Why you can trust ZDNET : ZDNET independently tests and researches products to bring you our best recommendations and advice. When you buy through our links, we may earn a commission. Our process

'ZDNET Recommends': What exactly does it mean?

ZDNET's recommendations are based on many hours of testing, research, and comparison shopping. We gather data from the best available sources, including vendor and retailer listings as well as other relevant and independent reviews sites. And we pore over customer reviews to find out what matters to real people who already own and use the products and services we’re assessing.

When you click through from our site to a retailer and buy a product or service, we may earn affiliate commissions. This helps support our work, but does not affect what we cover or how, and it does not affect the price you pay. Neither ZDNET nor the author are compensated for these independent reviews. Indeed, we follow strict guidelines that ensure our editorial content is never influenced by advertisers.

ZDNET's editorial team writes on behalf of you, our reader. Our goal is to deliver the most accurate information and the most knowledgeable advice possible in order to help you make smarter buying decisions on tech gear and a wide array of products and services. Our editors thoroughly review and fact-check every article to ensure that our content meets the highest standards. If we have made an error or published misleading information, we will correct or clarify the article. If you see inaccuracies in our content, please report the mistake via this form.


How to kit out your Raspberry Pi with a cooling case

While small heatsinks are good for cooling, when things start to get hot, you need a cooling case.
Written by Adrian Kingsley-Hughes, Senior Contributing Editor
Reviewed by Kelsey Adams
Raspberry Pi fitted with a fan-cooled case

Raspberry Pi fitted with a fan-cooled case.

Adrian Kingsley-Hughes/ZDNET

Most people never think about cooling their Raspberry Pi. They build a project around it, fire it up, and let it run.

But if you're pushing your Raspberry Pi hard, then adding some cooling is cheap insurance against problems that arise from overheating -- problems such as the CPU being throttled and the Raspberry Pi running slow, or even hardware damage.

The easiest way to cool a Raspberry Pi is to stick heatsinks on the chips to dissipate the heat generated. But if you're pushing your Raspberry Pi to the limit, then you might want to invest in a cooling case.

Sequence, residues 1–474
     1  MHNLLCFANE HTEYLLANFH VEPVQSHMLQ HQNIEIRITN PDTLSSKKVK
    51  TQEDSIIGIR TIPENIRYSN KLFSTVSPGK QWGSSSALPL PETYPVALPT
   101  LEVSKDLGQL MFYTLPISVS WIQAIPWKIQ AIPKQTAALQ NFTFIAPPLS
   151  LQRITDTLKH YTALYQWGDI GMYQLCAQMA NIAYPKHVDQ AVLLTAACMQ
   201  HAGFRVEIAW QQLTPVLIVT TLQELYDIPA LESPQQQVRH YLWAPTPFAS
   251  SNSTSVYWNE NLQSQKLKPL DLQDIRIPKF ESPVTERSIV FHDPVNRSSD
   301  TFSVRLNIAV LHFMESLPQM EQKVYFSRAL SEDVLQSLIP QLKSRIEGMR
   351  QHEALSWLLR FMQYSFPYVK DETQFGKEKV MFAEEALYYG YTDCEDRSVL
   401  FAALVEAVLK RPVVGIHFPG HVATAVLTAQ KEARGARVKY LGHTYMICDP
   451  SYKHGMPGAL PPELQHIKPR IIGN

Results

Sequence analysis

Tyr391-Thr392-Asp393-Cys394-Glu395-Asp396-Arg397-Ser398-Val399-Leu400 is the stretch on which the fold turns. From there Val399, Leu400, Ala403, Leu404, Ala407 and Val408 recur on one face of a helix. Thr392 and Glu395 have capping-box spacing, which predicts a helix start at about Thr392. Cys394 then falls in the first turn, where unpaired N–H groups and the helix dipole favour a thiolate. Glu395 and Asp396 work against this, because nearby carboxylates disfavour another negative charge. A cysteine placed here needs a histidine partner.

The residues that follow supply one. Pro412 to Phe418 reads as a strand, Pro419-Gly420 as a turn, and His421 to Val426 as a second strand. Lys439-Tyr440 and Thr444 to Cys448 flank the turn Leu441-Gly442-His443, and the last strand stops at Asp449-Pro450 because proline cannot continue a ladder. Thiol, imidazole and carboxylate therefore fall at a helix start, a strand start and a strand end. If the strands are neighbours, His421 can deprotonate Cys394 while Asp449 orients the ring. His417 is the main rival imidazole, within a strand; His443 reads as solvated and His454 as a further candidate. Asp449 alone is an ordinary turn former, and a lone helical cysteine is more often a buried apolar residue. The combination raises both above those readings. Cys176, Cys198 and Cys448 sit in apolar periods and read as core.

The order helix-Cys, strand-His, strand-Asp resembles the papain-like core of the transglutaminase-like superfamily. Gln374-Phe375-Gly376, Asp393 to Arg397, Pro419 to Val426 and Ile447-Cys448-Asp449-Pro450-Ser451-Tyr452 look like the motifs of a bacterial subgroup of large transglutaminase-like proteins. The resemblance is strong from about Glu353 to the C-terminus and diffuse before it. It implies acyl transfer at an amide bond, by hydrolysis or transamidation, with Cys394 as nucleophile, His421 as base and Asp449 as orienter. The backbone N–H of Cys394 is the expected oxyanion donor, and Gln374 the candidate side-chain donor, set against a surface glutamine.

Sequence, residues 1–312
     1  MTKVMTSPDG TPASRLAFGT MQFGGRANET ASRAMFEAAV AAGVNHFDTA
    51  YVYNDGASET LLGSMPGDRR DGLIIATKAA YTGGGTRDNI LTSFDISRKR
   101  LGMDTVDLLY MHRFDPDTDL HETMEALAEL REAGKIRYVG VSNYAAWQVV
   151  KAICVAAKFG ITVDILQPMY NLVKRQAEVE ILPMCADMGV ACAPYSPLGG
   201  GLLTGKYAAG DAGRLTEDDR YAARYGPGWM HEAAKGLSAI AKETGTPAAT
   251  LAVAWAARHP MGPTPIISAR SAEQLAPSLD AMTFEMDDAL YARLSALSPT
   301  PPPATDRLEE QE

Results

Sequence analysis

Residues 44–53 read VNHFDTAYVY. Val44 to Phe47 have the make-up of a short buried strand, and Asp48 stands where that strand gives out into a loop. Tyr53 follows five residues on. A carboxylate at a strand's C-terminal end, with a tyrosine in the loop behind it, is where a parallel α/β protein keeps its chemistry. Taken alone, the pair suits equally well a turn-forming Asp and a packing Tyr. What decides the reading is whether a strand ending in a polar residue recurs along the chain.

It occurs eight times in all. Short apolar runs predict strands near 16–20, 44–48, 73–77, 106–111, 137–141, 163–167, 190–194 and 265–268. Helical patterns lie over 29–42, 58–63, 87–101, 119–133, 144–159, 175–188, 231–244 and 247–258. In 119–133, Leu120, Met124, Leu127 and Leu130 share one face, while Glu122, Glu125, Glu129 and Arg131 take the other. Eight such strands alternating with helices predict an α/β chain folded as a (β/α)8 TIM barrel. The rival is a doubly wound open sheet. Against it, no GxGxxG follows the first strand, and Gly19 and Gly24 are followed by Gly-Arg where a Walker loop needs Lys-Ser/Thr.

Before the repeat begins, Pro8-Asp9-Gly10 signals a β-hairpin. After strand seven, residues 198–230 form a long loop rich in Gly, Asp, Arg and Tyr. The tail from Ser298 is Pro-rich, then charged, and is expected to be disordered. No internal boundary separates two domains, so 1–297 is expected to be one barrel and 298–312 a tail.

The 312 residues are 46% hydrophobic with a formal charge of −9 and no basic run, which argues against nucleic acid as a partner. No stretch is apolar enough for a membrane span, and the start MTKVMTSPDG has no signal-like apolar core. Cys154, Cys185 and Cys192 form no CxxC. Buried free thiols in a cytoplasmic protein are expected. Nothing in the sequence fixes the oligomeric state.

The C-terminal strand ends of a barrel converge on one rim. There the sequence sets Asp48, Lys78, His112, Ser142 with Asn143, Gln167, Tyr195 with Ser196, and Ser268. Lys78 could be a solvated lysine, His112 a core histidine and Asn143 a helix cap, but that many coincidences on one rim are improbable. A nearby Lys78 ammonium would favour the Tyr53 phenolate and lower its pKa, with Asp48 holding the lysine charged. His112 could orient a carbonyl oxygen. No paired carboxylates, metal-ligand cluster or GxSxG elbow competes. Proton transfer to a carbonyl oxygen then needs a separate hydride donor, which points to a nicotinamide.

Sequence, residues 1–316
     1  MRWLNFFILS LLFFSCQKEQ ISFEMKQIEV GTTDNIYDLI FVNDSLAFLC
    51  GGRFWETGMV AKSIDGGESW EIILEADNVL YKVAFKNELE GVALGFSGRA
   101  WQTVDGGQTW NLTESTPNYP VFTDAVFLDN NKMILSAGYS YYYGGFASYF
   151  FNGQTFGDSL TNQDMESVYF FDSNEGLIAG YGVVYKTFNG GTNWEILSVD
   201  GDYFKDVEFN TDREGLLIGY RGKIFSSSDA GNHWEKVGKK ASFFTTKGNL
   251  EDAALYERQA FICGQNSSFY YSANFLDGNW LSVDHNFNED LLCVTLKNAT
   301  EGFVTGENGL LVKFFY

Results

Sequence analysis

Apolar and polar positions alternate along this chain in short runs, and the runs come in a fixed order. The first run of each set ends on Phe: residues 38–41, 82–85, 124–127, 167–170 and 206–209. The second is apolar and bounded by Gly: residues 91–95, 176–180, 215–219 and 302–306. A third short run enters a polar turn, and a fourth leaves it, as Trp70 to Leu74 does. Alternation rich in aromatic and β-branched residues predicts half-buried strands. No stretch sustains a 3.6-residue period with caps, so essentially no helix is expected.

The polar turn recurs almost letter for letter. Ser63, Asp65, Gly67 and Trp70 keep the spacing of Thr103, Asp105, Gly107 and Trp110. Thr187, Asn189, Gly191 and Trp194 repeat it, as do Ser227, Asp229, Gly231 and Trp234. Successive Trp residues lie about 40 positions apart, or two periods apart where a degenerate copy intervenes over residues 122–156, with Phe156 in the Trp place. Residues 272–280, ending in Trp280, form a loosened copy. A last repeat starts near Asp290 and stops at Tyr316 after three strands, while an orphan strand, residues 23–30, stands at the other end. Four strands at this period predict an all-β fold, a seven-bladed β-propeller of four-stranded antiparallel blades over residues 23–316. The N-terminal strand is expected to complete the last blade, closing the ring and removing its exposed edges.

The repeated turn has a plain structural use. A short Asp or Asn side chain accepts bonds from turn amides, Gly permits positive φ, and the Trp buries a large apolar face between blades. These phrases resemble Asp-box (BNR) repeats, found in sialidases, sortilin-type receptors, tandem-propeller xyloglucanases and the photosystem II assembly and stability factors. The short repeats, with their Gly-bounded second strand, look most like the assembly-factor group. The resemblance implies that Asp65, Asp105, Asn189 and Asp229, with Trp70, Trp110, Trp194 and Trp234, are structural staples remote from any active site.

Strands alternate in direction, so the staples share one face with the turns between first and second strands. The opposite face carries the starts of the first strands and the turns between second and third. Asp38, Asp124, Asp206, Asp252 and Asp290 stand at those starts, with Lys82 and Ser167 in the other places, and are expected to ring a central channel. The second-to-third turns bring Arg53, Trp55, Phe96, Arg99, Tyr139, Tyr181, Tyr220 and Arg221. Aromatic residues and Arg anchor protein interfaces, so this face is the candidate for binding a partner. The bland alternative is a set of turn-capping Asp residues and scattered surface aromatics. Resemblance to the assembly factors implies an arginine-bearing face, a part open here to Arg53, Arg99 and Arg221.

Don't worry, they're really cheap!

Also: My 3 must-have Raspberry Pi accessories

There are two types of cases – passively-cooled (or fanless), and fan-cooled. The fanless ones use less power, are quieter (although the fan-cooled cases I've tried are also basically silent), and don't have a fan for your finger to jam up.

I find that most of the time when I need extra cooling, a fanless case does the job just fine. But here I'm going to show how to fit a fan-cooled case. The process is almost identical except for when we're dealing with the fans. 

Also: The 5 best laptop cooling pads

Here's how to fit the case.

1. Gather all the parts

You'll need a Raspberry Pi, the case, and all the screws. The Allen key you need for the screws is supplied with this case.  

Also: Where to buy the latest Raspberry Pi and alternatives

Parts for Raspberry Pi cooling case

Here are all the screws, thermal pads, and the Allen key needed.

Adrian Kingsley-Hughes/ZDNET

2. Fit the fans

On this case, the two fans are attached to the case using four fasteners each (the fasteners with the smaller heads). Screw these down finger-tight and no more.

The side showing the fans

Fitting the fans.

Adrian Kingsley-Hughes/ZDNET

3. Fit the thermal pads

This kit comes with four thermal pads that are self-adhesive. Peel off the paper side and stick that to the case. Then peel off the other side, and that side will stick to the chips when the case is clamped together.

Make sure to peel both sides -- if you don't do this, the cooling won't be effective.

The first photo below shows a thermal pad before being peeled, the second shows the thermal pads fitted in place.

Fingertips holding a small strip

The thermal pads -- peeling these can be tricky.

Adrian Kingsley-Hughes/ZDNET
Four blue thermal pads on a Raspberry Pi

Thermal pads, fitted.

Adrian Kingsley-Hughes/ZDNET

4. Clamp the case together

Align the two halves of the cooling case, and clamp it together using the remaining screws. Again, go finger-tight only. Overtightening can damage the Raspberry Pi.

The case from the side

Clamping the case together.

Adrian Kingsley-Hughes/ZDNET

5. Connect the power to the fans

This connects to pins 3 and 6 on the GPIO.

Cords plugged into near the left end of the edge near the fans

Power connected to pins 3 and 5 on the GPIO.

Adrian Kingsley-Hughes/ZDNET

6. You're done

All that's left is to power up the Raspberry Pi!

If the fans aren't turning, you've likely connected the connector to the wrong pins. Switch the Raspberry Pi off, check, and restart.

Raspberry Pi plugged in

Powering up the Raspberry Pi and checking the fans are working.

Adrian Kingsley-Hughes/ZDNET
Editorial standards